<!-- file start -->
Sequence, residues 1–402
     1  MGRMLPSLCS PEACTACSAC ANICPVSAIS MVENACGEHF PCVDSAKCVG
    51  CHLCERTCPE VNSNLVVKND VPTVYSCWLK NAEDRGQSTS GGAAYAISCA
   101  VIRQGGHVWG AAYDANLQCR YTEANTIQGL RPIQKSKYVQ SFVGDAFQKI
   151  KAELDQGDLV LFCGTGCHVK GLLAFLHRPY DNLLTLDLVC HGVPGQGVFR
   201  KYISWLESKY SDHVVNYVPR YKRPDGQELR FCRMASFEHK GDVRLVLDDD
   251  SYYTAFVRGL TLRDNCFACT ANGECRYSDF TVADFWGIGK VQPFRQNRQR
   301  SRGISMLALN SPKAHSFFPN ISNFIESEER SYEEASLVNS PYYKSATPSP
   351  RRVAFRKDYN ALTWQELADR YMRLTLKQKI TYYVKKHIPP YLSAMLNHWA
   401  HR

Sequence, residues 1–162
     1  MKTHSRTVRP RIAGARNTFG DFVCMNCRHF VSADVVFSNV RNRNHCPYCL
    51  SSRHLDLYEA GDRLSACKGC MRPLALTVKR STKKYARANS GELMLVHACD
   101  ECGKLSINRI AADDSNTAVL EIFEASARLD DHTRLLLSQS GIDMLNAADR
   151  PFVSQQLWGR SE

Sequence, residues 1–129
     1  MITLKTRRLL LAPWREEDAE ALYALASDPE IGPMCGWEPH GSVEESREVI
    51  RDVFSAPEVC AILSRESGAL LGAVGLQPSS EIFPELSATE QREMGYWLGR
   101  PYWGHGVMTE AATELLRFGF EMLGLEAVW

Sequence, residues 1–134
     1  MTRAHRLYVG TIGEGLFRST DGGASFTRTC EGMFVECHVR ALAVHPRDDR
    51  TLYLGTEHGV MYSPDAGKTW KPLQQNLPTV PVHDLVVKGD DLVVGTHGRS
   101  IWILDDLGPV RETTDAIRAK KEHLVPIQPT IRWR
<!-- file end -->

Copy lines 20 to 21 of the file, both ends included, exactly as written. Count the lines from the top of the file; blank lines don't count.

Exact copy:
Sequence, residues 1–134
     1  MTRAHRLYVG TIGEGLFRST DGGASFTRTC EGMFVECHVR ALAVHPRDDR